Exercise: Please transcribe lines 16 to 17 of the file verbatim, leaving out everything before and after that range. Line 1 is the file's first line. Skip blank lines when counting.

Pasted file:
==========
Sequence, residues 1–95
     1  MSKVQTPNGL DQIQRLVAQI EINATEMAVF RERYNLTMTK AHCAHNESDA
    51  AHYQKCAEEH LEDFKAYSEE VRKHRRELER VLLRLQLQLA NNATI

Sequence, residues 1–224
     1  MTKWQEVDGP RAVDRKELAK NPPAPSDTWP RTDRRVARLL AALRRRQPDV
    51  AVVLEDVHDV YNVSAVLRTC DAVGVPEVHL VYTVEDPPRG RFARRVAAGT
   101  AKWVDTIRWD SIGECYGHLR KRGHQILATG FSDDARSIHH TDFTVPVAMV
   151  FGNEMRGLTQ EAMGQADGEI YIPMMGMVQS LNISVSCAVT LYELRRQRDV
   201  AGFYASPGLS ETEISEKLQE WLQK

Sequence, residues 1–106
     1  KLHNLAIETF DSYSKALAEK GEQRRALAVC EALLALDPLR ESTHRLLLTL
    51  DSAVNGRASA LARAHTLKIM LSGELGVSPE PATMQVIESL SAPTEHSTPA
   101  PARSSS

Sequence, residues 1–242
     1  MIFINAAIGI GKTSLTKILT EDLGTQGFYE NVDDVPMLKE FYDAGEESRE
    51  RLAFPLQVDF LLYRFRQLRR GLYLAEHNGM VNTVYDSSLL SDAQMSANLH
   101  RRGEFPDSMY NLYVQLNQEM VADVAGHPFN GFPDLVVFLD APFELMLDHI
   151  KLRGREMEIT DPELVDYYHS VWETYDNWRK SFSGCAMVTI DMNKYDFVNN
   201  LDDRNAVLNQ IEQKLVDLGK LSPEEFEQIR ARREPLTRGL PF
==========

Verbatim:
    51  RLAFPLQVDF LLYRFRQLRR GLYLAEHNGM VNTVYDSSLL SDAQMSANLH
   101  RRGEFPDSMY NLYVQLNQEM VADVAGHPFN GFPDLVVFLD APFELMLDHI